There are also the technical considerations. What of those whose phone gets rendered unusable due to some incident at home? Would that alert the authorities? Seemingly for access to internet, let’s imagine there is a power cut-off and phone’s battery is flat – would that alert the police? There are people who have two, or even three telephone devices – the location tracing makes little sense if the individual is leaving one’s residence with another device (that is given the tracing is on at all times, which we are unsure due to the close-code of the app). Such possibilities of minor yet determinant obstacles are countless. That is probably why, the police are in any case required to verify on quarantined individuals daily.

The nonchalance with individual data is a worrying development, however sadly not particularly new. There is a known track of data processing by the governmental agencies which has not been procedurally impeccable. There is also no insight into what the government’s technical capacities are to handle such an overwhelming amount of sensitive data. Understandably, the government has to have robust technical solutions to handle the current urgencies, however not communicating transparently with the public on the process is an equally weighty matter.

Particularly in times of crisis, this cooperation between the state and the citizens must be based on trust rather than rigid, hastily imposed requirements. The government has in parallel penalized breaking the quarantine with a fine up to €6000. Inability to pay may result in up to 8 years prison. Aligning it with the data tracking and complemented by ad hoc visits by the police invites an assumption that the government has little faith in the public’s willingness to comply with the restrictions. Perhaps unreasonably, as the recent data on breaching the quarantine indicates there were merely 100 cases of the detected breach. That would suggest Poles have understood the severity of situation and had acted in a mature manner. For instance in Spain, the authorities identified 463 thousand breaches – an astonishing amount punishable between €100 and €600.000, or a prison sentence up to a year. Spaniards do not require installation of an app on citizens’ phones. Perhaps, then there is more to compliance than the proverbial ‘stick’.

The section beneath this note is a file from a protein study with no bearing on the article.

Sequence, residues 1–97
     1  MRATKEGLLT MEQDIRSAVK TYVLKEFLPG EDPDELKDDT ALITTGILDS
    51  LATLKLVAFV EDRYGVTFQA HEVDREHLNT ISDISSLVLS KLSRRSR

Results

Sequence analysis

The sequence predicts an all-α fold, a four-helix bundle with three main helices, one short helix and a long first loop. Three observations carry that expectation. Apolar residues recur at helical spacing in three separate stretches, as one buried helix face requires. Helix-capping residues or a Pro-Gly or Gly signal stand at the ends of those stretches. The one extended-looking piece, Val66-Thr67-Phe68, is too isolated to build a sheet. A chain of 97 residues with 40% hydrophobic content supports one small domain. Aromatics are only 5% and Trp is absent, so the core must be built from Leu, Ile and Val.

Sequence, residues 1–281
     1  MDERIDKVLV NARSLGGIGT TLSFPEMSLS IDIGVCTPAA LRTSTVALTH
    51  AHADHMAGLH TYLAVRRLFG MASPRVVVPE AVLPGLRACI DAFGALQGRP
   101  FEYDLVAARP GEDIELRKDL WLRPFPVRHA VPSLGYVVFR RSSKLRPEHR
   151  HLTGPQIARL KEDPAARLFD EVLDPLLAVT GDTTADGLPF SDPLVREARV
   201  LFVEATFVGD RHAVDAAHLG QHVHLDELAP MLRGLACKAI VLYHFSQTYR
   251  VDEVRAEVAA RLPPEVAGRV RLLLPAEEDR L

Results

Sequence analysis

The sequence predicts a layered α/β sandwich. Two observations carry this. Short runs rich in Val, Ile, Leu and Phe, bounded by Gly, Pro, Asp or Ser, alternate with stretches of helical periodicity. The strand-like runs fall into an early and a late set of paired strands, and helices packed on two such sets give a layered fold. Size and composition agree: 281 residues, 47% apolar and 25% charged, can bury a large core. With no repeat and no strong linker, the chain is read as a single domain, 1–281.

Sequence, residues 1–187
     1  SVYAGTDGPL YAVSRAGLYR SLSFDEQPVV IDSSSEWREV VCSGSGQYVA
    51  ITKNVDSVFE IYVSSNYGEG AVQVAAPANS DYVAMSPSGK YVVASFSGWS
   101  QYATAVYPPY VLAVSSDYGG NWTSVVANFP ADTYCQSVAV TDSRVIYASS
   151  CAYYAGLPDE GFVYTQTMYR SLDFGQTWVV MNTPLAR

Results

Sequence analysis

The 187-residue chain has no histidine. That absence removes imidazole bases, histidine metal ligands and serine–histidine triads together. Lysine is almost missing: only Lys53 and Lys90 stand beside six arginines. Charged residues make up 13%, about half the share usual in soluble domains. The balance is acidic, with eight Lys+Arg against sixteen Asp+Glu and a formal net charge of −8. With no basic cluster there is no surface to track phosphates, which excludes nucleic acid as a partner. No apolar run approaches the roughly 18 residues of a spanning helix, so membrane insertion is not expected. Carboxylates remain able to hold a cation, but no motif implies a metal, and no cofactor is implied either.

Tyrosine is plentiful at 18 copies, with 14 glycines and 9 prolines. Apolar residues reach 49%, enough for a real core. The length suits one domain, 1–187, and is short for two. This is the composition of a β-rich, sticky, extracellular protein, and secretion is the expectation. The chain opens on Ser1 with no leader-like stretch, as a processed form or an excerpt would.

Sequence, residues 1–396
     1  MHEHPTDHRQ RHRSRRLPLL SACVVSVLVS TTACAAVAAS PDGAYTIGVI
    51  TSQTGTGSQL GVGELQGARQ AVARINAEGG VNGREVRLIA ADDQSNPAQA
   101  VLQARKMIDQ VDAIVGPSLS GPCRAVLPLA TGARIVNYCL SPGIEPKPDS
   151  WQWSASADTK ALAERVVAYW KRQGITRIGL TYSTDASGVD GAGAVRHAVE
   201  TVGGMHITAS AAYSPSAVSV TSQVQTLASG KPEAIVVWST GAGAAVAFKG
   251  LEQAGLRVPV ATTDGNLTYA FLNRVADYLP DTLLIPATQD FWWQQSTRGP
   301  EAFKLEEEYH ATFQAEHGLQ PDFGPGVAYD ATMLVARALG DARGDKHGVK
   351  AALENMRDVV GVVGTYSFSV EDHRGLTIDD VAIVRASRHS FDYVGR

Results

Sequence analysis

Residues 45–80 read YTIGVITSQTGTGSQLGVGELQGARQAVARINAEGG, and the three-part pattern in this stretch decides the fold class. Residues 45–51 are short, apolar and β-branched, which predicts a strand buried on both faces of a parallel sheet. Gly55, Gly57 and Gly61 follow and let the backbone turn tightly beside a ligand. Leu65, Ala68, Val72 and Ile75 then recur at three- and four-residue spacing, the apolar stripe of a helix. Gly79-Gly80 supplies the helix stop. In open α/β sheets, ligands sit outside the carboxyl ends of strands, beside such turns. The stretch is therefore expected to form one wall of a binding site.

It is not to argue, that technology is not meant to assist the governments with their struggle against the pandemic. However, the way it is chosen to be used is guided by the contract between the authorities and the public. Typically, the constitution, but also through less formalized social norms. The government narrative frames the data tracking as an unavoidable mean to achieve compliance with the social distancing restrictions. However, there are alternatives which surely assure greater degree of transparency as well as safeguard individual privacy. The Bluetooth app is an example of those, a tool supplying merely the proximity data rather than geo-localization. Question remains, what happens with the legal leverage that the government has now officialised in acquiring personal data when the restrictions are lift off? Let us hope the authorities will act maturely and uphold the democratic right to individual freedoms.